"I can no more disown him than I can disown the black community."

In a March 11 letter to the New York Times - a response to an earlier interview of him - which Jeremiah Wright stated was, " of the biggest misrepresentations of the truth I have ever seen in sixty-five years.", the man at the center of the controversy called his spiritual protege, "...a man who was a devout Christian... whose Christianity was not just 'in word only'."

With the Pennsylvania primary now just two weeks from today, the time of Barack Obama, politician, is at hand. Will today's attempt to disarm a political bomb before it went off be Obama's last? Or with the big finish of the race for the nomination give Hillary Clinton and her camp the opening they've been looking for by the time the August Convention rolls around?

Only time will tell.

Copyright © 2008 Bill Friday

Dodgers' Last Game In Vero Beach - Dodgertown No More

The Los Angeles Dodgers played their final game at Holman Stadium in Vero Beach, Florida today. It marks the end of a sixty-year relationship between a team, a town and history.

Yesterday, the Los Angeles Dodgers lost to the Houston Astros 12 to 10 in a game at Holman Stadium, Vero Beach.

Something that will never happen again.

What happened in the game - Raphael Furcal going 4 for 5 with 2 triples; Jason Repko's fight to make the team, by raising his spring average to .343 - except for those of us who read box scores of exhibition games on the Internet, won't matter soon. In a couple of days, the team will pack up their belongings and head west - first to Arizona to finish out the spring season, then on to LA.

But what will be remembered by those who chose to is that today, St. Patrick's Day, 2008, was the end of the line for Vero Beach. And with it comes the end of the old Dodgers legacy.

In 2009, the Dodgers will hold spring training in a new facility in Glendale, Arizona.

Vin Scully, Dodgers' play-by-play voice now entering his 59th year with the team put it this way:

"I guess really this is cutting the umbilical cord. For 50 years we've really still carried the residue of Brooklyn, but it's time now for them to get closer to their fan base in Los Angeles."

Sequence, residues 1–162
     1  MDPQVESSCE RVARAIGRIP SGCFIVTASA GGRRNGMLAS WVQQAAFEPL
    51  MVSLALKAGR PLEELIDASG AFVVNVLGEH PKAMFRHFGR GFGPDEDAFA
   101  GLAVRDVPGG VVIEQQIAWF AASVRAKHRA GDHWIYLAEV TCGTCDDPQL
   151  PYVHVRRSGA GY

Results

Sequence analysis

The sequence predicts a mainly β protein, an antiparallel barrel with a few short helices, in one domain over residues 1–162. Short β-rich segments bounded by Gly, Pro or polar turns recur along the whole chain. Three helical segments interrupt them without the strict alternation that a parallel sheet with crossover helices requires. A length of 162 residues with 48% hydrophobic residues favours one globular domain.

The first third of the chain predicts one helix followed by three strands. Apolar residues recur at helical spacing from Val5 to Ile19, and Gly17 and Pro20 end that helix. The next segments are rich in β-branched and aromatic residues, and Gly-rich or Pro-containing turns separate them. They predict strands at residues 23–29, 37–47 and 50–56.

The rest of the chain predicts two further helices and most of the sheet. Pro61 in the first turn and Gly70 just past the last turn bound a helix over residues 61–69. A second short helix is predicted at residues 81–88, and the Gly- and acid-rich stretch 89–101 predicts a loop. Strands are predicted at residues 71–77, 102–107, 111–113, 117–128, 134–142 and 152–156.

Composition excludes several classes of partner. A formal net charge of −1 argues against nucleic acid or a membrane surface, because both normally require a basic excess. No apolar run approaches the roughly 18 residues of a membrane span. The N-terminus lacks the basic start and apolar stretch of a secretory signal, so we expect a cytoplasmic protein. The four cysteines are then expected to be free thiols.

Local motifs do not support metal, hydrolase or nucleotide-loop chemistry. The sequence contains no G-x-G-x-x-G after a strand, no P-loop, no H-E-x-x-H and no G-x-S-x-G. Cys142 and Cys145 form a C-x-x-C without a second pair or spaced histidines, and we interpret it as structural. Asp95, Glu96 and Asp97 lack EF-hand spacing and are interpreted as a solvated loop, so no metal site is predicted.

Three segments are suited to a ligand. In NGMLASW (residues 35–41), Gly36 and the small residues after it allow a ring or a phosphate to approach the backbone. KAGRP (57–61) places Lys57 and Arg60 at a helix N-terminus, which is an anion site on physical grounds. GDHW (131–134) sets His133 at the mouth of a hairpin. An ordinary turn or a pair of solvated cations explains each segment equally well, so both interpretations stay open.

And the fan base in Los Angeles, most of whom aren't old enough to remember who Sandy Koufax was, now get to grow closer to their team even as the team grows farther away from one of the richest histories in sports.

Dodgertown, was the co-creation of Dodger boss Branch Rickey and Vero Beach Cadillac dealer Bud Holman back in 1948. It was Holman who contacted the visionary Rickey the year before and sold him on the idea of planting a training facility on 2,000 acres of military base in the middle of rural Florida.

"One more time," public address man Dick Crago said into the microphone, "Welcome to another fine day of baseball at Holman Stadium."

On last time. One last game. One last sell-out crowd of 7,327.

In 60 years, Vero Beach, and Holman Stadium have seen a lot of changes, and made a few changes of their own. Holman Stadium, at the request of black Dodger players to then Vice-President of Operations and future team owner Peter O'Malley, became the first Grapefruit League stadium - the first southern stadium - to integrate the grand stands 1961. One of the players, left fielder Tommy Davis, in his autobiography Tales From the Dodgers Dugout said, "It didn't dawn on [O'Malley] at the time. But to his credit, the next day everything was gone. They white-washed all that stuff. And we had to physically take the black people to seat them in other spots around the stadium... we just took them and told them to sit wherever they wanted to from now on. That was the integration of Holman Stadium."

Just for the record, Geoff Geary won it for the Astros. Starter Chad Billingsley who worked 5 innings, took the loss. The last loss.

"This is very emotional for me," said one-time Brooklyn Dodger fan and better known TV celebrity Larry King. King attended the game the day before against the Boston Red Sox.

Oddly enough, this season the Dodgers will be celebrating another stadium from their past, the Los Angeles Memorial Coliseum. It was the Coliseum that was home to the Dodgers during their first 4 years in LA. In this, the 50th anniversary of the team's move from Brooklyn, the Coliseum will host an exhibition game between the Dodgers and the Red Sox on March 29th.